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The Chemical Educator

ISSN: 1430-4171 (electronic version)

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Abstract Volume 15 (2010) pp 73-78

Rita Levi-Montalcini, the First Nobel Centenarian

George B. Kauffman* and Jean-Pierre Adloff

Department of Chemistry, California State University, Fresno, Fresno, CA 93740-8034, georgek@csufresno.edu, Honorary Professor, Université Louis Pasteur, 63 Rue Saint Urbain, Strasbourg, France F-67100, jp.adloff@noos.fr

Published: 16 January 2010

Abstract. On April 22, 2009 Rita Levi-Montalcini attained her 100th birthday, becoming the oldest living Nobel laureate and the first to reach the hundredth birthday.  That same day in Rome the European Brain Research Institute presented a Symposium on “The Brain in Health and Diseases,” celebrating her life and work in the presence of her Nobel co-laureate Stanley Cohen. On October 10, 1986 the Nobel Prize in Physiology or Medicine had been awarded to Rita Levi-Montalcini and Stanley Cohen “for their discoveries of growth factors.” This article briefly considers Levi-Montalcini’s life and career in both Italy and the United States, with quotations from her addresses and writings.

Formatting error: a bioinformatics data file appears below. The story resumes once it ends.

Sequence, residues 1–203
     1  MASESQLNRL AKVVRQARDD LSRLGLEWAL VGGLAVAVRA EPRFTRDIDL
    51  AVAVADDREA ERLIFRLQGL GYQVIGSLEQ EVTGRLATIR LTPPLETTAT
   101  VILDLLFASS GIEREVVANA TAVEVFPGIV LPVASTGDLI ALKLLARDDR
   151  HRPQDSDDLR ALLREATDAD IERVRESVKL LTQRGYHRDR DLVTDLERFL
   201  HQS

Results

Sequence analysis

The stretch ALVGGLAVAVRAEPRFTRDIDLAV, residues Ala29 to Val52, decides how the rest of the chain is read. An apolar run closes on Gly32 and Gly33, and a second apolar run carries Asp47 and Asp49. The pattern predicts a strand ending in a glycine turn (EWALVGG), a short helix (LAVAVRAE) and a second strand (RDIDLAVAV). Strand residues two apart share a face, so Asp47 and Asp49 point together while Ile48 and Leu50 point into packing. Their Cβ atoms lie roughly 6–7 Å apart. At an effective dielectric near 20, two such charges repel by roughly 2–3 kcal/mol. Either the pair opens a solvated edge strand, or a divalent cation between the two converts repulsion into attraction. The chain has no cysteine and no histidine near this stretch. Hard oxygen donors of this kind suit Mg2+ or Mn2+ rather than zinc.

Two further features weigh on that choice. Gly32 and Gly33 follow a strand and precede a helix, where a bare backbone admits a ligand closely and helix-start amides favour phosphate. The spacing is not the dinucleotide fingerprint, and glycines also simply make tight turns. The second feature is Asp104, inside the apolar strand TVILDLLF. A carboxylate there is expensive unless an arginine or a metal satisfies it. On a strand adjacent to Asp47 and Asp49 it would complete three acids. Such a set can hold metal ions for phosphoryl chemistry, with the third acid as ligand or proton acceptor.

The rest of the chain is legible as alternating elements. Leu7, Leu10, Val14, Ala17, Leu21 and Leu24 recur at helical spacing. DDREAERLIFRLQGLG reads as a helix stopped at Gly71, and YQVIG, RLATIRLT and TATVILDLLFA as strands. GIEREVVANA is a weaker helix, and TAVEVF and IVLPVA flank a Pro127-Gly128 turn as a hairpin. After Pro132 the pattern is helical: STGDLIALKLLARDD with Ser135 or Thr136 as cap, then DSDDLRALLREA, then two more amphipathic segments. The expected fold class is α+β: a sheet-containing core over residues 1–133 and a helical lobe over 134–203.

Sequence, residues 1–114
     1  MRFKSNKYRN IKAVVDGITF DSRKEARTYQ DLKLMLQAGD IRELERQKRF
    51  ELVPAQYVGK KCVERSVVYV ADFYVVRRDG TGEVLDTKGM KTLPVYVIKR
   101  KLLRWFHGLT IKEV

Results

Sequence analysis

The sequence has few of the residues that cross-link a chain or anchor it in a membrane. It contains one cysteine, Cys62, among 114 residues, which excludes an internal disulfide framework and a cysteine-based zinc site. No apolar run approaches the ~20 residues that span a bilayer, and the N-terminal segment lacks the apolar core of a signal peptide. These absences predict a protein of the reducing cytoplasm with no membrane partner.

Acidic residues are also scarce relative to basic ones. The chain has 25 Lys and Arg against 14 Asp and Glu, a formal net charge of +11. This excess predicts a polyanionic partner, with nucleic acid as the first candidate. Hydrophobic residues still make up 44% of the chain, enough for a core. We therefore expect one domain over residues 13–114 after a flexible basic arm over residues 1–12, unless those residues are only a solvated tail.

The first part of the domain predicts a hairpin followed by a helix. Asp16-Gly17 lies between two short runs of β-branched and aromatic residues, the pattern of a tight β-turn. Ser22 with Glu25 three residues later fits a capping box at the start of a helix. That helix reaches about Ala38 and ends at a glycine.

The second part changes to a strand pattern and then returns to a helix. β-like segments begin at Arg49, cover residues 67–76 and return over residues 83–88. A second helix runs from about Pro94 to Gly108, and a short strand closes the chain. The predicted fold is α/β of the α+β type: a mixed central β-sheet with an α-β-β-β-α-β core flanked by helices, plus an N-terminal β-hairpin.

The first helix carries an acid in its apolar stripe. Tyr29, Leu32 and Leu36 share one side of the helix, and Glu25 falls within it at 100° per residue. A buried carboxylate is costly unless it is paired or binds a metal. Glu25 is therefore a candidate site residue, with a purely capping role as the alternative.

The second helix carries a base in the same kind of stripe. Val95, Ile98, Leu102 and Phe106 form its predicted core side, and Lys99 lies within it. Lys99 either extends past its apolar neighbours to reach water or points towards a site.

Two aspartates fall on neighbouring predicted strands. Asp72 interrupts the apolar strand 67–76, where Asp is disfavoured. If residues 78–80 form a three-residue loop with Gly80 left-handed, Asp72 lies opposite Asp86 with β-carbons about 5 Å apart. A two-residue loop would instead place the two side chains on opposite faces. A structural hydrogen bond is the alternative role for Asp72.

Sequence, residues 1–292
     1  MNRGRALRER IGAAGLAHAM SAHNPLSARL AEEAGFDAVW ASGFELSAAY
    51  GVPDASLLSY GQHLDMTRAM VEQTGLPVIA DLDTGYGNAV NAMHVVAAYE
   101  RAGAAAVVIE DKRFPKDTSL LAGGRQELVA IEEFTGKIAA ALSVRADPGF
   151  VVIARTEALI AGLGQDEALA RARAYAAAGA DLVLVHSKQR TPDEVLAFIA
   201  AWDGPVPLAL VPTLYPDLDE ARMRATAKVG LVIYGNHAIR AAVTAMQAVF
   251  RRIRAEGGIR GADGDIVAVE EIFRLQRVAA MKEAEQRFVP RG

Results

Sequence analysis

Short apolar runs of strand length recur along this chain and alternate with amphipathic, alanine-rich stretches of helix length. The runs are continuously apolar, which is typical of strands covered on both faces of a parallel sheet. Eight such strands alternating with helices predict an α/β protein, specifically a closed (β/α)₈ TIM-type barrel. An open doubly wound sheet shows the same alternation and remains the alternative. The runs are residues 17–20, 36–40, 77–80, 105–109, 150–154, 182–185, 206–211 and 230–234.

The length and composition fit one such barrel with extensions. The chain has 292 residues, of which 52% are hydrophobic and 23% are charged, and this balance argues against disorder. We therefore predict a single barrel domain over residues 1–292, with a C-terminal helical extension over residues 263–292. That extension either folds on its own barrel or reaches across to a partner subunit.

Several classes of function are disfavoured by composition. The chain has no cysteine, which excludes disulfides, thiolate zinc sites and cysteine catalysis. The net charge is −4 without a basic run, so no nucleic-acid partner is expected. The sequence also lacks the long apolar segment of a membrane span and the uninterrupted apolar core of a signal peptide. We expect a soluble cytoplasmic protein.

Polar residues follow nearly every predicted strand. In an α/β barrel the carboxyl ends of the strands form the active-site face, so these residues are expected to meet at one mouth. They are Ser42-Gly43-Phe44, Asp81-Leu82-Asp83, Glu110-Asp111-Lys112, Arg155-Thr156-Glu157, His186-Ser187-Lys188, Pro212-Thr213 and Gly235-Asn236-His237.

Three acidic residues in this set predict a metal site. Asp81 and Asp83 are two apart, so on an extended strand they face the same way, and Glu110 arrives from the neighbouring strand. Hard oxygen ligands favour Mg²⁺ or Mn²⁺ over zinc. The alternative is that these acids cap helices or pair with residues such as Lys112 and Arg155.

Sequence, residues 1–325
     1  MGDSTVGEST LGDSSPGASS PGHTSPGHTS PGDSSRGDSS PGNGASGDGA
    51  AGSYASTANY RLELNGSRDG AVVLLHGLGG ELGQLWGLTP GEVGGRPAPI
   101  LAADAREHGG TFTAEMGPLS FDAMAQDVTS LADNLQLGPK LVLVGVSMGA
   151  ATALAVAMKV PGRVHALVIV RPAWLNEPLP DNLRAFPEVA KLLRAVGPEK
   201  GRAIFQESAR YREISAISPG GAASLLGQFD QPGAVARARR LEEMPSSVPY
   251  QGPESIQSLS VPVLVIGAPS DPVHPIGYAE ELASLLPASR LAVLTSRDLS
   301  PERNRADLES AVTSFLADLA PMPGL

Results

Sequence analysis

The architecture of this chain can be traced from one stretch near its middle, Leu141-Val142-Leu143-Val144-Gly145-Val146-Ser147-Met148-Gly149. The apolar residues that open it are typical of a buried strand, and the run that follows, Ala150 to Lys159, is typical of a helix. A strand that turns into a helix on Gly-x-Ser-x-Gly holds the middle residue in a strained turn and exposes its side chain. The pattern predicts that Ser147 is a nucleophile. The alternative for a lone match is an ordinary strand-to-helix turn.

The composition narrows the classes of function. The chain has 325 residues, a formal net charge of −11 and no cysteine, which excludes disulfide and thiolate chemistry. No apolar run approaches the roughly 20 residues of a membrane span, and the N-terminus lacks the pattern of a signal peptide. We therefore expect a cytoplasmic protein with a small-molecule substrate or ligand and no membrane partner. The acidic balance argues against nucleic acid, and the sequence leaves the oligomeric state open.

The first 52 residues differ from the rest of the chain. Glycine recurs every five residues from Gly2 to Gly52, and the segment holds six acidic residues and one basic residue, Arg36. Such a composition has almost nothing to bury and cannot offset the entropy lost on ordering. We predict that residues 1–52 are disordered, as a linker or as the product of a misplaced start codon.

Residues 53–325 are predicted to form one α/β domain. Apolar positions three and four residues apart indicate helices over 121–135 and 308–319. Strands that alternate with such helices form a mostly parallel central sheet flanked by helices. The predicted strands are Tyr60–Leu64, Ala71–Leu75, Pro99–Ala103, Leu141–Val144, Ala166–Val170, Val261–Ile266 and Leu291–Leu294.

Key Words: Chemistry and History; Nobel Prize; Physiology; Medicine; Biography; Longevity; Brain Research; Italy; World War II; Anti-Semitism; Feminism; Women in Science; Chick Embryo; Nerve Growth Factor; Epidermal Growth Factor; Neurology; Biology; Zoology; Embryology; Neuroembryology

(*) Corresponding author. (E-mail: georgek@csufresno.edu)

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